West Oahu is the western part of Oahu bounded by the Waianae Mountain Range on the east, and the Pacific Ocean on the west. Also known as the Leeward Coast, the region is less developed than the rest of the island. It is inhabited mainly by native Hawaiians, who enjoy a laid-back rural lifestyle. The predominant features of West Oahu are still natural, with the blue ocean, white sand beaches which line the coast, green valleys and dramatic mountains, and a majestic mountain range which embraces the entire community.
At the north-western tip of West Oahu is Ka'ena Point, which is a classic big wave spot. According to ancient Hawaiian legend, this is the spot where the souls of the kanaka maoli (Hawaiian people) leap off into the other world. Ka'ena Point State Park is located here, and a short hike away is the Ka'ena Natural Reserve.
Below Ka’ena Point is the Makaha Valley, considered by the local Hawaiians to be a sacred place. One of the best maintained heiau, or temple, is located here. Built in the fifteenth century, the heiau first served Lono, the god of agriculture and peace, and then later was dedicated to Ku, the god of war. At this point human sacrifices were performed on the first prisoners of war.
On the southwest tip of the island on Barber’s Point stands a Lighthouse, which is a well known landmark of the area. Named after Captain Henry Barber, whose ship was wrecked on a coral shoal off the point on October 31, 1796, this 71-foot concrete structure went into service in 1933 and was automated in 1964.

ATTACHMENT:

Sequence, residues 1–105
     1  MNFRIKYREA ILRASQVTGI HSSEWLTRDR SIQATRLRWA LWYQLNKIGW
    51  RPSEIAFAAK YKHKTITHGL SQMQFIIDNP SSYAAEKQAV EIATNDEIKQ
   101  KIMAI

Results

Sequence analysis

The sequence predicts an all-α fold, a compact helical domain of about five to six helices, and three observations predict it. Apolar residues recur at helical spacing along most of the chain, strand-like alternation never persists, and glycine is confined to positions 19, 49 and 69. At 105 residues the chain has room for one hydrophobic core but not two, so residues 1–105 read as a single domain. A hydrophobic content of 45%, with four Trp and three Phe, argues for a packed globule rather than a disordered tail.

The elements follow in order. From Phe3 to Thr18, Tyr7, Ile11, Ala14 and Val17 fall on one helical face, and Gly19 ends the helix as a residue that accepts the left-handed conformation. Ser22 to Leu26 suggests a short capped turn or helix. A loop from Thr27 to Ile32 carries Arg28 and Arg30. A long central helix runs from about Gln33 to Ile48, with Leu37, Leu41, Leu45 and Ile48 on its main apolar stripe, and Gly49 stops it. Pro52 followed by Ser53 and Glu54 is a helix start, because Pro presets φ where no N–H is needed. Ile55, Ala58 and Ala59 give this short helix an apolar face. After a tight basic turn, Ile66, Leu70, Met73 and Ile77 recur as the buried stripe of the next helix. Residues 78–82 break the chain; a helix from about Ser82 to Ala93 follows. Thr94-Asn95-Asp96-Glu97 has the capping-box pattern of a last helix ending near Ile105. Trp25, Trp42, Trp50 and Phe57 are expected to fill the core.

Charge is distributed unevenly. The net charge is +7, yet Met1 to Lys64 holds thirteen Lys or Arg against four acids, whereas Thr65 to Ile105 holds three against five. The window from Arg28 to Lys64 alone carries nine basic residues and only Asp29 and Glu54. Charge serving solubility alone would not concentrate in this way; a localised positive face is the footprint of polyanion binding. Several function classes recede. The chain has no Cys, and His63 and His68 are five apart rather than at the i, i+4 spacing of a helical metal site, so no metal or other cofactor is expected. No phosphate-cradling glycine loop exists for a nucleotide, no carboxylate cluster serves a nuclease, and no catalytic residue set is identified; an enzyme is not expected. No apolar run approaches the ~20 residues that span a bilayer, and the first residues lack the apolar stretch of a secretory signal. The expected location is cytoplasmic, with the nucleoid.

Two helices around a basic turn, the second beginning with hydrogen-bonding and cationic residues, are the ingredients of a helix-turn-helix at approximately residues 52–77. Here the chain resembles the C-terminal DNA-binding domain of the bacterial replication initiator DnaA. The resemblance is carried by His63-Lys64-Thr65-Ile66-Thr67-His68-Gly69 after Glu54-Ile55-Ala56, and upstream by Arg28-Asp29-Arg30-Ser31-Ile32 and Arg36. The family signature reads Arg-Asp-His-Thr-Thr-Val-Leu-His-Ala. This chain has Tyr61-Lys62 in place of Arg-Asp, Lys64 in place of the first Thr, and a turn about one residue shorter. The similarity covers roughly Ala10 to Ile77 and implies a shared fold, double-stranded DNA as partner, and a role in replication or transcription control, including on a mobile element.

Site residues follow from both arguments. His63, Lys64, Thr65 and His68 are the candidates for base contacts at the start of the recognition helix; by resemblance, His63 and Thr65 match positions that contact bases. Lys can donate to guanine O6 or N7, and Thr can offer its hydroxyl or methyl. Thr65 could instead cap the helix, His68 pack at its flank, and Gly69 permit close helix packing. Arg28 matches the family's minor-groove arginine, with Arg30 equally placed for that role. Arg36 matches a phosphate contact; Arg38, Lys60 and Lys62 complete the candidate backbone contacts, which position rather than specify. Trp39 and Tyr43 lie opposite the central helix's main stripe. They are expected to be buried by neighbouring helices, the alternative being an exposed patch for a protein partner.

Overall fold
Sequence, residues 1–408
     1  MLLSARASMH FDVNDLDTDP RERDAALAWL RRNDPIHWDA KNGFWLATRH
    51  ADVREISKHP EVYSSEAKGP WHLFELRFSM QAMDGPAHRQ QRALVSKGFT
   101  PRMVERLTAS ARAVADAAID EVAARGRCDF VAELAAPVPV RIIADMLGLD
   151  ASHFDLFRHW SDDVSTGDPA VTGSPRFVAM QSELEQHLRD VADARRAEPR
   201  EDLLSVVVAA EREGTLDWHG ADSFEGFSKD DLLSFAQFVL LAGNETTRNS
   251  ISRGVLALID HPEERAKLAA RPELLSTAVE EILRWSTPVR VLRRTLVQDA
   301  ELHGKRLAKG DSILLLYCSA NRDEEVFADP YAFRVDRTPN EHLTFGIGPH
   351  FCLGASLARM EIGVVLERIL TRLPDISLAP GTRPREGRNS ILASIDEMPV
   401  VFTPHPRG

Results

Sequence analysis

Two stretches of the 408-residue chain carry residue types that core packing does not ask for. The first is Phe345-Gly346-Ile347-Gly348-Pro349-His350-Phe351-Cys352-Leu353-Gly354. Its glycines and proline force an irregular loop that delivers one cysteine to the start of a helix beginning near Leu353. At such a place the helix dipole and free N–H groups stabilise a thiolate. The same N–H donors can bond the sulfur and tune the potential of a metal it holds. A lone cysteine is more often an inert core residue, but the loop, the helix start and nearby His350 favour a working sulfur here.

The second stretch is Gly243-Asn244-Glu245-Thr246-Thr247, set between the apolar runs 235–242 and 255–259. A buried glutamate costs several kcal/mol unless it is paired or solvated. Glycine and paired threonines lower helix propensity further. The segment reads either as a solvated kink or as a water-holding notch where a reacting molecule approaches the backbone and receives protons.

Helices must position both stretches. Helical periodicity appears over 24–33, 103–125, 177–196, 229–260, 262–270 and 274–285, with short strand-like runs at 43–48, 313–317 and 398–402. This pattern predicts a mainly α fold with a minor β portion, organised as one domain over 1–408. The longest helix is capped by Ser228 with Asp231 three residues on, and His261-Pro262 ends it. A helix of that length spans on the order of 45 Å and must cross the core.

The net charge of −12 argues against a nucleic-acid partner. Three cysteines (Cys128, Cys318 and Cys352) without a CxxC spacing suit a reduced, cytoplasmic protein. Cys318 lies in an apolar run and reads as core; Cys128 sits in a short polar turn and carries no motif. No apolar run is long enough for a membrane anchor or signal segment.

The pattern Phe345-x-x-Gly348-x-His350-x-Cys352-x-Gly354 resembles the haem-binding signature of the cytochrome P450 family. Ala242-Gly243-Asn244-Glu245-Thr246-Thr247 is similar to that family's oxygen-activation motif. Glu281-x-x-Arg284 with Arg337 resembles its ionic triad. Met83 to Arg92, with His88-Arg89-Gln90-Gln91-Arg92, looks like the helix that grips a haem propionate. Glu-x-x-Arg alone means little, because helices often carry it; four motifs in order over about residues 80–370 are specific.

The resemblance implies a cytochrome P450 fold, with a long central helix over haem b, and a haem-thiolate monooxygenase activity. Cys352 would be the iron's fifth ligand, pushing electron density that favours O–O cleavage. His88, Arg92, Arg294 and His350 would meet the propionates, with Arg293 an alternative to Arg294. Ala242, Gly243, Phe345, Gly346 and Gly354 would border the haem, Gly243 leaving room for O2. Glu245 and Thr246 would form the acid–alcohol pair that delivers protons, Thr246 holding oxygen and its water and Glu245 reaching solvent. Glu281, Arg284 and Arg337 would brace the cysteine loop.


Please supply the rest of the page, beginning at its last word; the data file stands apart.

A place which should not be missed is Hawaii's Plantation Village in Waipahu on the southeastern part of West Oahu. This is an outdoor museum dedicated to preserving the history and culture of Hawaii's immigrants from China, Japan, Korea, the Philippines, Okinawa, Portugal, and Puerto Rico. These immigrants, who numbered around 395,000, had come to Hawaii between 1852 and 1946 to work on the sugar plantations of the area. They lived in structures like the ones built here at the Plantation Village, and now members of each of those ethnic groups created and now care for the buildings and present a fascinating view of their ancestor's lives in their new land.
The coastline of West Oahu, known as the Waianae Coast, offers endless stretches of sun-drenched, white sand beaches. The winter months are the most popular when large waves roll towards the beaches and attract the best surfers towards them. Makaha Beach and Yokohama Bay are the best known beaches of the area. Makaha Beach is the original home of big wave surfing competitions, with spectacular surf in winter and pleasant swimming in summer. An old-timers' long board championship is held here in February. Yokohama Bay is the last sandy beach on the coast. In winter the beach is full of board and body surfers, while in the summer the water is calm enough for swimming and snorkeling. Other popular beaches of the Waianae Coast are the Pokai Bay Beach Park and Makua Beach. Conditions at Makua are very similar to Makaha with great snorkeling at Makua Cave. Pokai Bay Beach Park provides some good swimming conditions all the year round. The beach experience of West Oahu is very different from the rest of Hawaii as fewer visitors come here and those that do are rewarded with a generous taste of "local Hawaii".